Tuesday, March 20, 2012


Yesterday I cleared out the strawberry bed. I pruned and pulled and cut and learned that strawberries are a fantastically prolific little plant. They propagate like bunnies it seems which is great for any strawberry farm but not so wonderful for us small, multi-vegetal farming folk. These little fruited rabbits spread about 5 feet in every direction, climbing into the herb boxes, pea beds, and anywhere else they could find a little free soil and a bit of sun. Each year I learn a new gardening lesson. Okay, many new lessons. Today's was prune in fall.

That being said, this unusually warm weather has me wondering if things will be coming a bit early this year. We have buds and blossoms on our fruit trees, daffodils in the yard, tulips popping up and green just about everywhere [including on the pond in the form of never ending algae]. This thought led me to take inventory of my freezer and, as it turns out, we have a few strawberries yet to eat. Not an unfortunate task if you ask me. And so this recipe was born to effortlessly dispatch 4 cups of those little red sweet beauties.

This week also happens to mark my birthday which is cause for an additional post highlighting a sweet birthday treat. So happy birthday to me [thanks mom for going through the trouble!] and spring blessings to all of you.


Strawberries are one of the first true fruits of spring [after rhubarb, which really swings in both the fruit and vegetable directions] and conveniently is a great spring tonic, aiding liver, kidneys, lungs, stomach, and spleen in the natural detoxification that occurs as the seasons change. Generally toxins build up in the liver throughout the winter and the diet demands richer, fattier foods to keep our bodies warm. Spring is the perfect time to rid the body of these toxins as we transition from heavy foods to lighter fare like spring greens, asparagus, sprouts, and fruits like strawberries. Seasonal transitions also happen to be a time of reduced immunity as the body is working overtime to eliminate excess toxins and acclimate itself to this new time of year. Strawberries boast clinically proven antiviral properties as well as potent antioxidants and anti-inflammatory agents all of which are yet more examples that the earth is prepared to give us what we need exactly when we need it.

These berries are packed with vitamins A and C [as much as oranges!], some B-complex vitamins, along with silicon, potassium, and fiber. They also help improve brain function [bring on those ACTs!], reduce macular degeneration, benefit sufferers of arthritis, and help prevent colon cancer. Amazingly enough, the extract of this fruit may be an important factor in reducing the growth of cervical and breast cancers cells.

Strawberries are a prime example of a food to always purchase organically and locally [in season] if possible. If you have had a strawberry right off the plant you know why local is important. The flavor is bar-none. Strawberries are a crop that tend to be heavily sprayed with pesticides and lack a sufficient peel to help protect these harmful chemicals from entering the edible, fleshy part of the fruit. Instead, the applied pesticides and any hazardous material in the ground go right into the berry and directly into your body. It is best to purchase all food organically if possible [peel or no peel pesticides still get in], but this one should definitely top your list.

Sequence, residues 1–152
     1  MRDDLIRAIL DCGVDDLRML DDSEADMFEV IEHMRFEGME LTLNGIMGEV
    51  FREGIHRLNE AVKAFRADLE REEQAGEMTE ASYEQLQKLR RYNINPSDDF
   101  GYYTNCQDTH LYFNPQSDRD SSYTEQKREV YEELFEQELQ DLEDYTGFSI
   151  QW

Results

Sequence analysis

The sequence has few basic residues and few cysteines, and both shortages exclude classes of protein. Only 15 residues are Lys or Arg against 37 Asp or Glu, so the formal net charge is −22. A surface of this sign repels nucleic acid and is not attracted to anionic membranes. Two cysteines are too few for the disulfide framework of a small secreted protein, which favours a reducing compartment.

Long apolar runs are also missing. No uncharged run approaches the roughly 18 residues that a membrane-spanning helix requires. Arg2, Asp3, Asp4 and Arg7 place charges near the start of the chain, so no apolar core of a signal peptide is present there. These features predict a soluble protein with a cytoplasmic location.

For the Crust:

1 c. hazelnuts
1 c. walnuts
1/2 c. millet flour
1/2 tsp. sea salt
1/3 c. honey or maple syrup
1/4 c. grapeseed oil

Lightly grease a 8 x 8 glass baking dish and set aside.

Grind nuts to a fine meal, one cup at a time, in a food processor or powerful blender. Pour into a glass mixing bowl and add remaining ingredients. Mix well [your may find it easier to use your hands] until a "dough" is formed. Add more oil if necessary.

Press crust mix into prepared baking dish. Preheat oven to 350 degrees. Bake crust until lightly browned, about 25 - 30 minutes. Remove from oven and cool.

For the Filling:

2 c. water
4 c. strawberries, frozen or fresh
1/4 c. honey or maple syrup
3 tsp. agar powder

Combine all ingredients in a medium size saucepan. Bring to boil, stirring occasionally. Reduce to a simmer, stirring frequently, and cook until strawberries are very soft and begin to pull apart [7 - 10 minutes].

Pour strawberry mixture over prepared crust. Allow to cool 15 - 20 minutes and then place in refrigerator for 3 - 4 hours or until strawberry "jell-o" has become very firm.

For the Whipped Topping:

1 c. soaked cashews*
1/4 c. maple syrup or honey
1 vanilla bean, scraped [optional]
2/3 c. extra virgin, unrefined coconut oil, melted

Place soaked cashews in a high powered blender and cover with water [the water should just reach the top line of the cashews]. Add maple syrup. Cut the vanilla bean length-wise and scrape out the seeds using a small spoon or butter knife. Add scraped seeds to cashews. Blend on high for 60 seconds or until very smooth. Pour in melted coconut oil and blend for an additional 30 seconds.

Pour the cashew cream mixture into a bowl and refrigerate overnight [this will allow you to scoop a dollop on top of your strawberry slice] or pour directly over firm strawberry jell-o and refrigerate overnight [this will make a nice clean whipped topping layer]. If you pour directly on to strawberry jell-o be sure that the jell-o is very firm first.

*To soak the cashews: Place 1 cup of cashews in a jar or glass. Cover with 2 cups of water and place in refrigerator. Soak over night. Drain and rinse cashews. Use immediately.


Jann Cobb said...

I am going to try and make this.

TINA VANDERKLOK, MS, Holistic Nutrition, LEED-AP said...

Jann - you definitely need to :)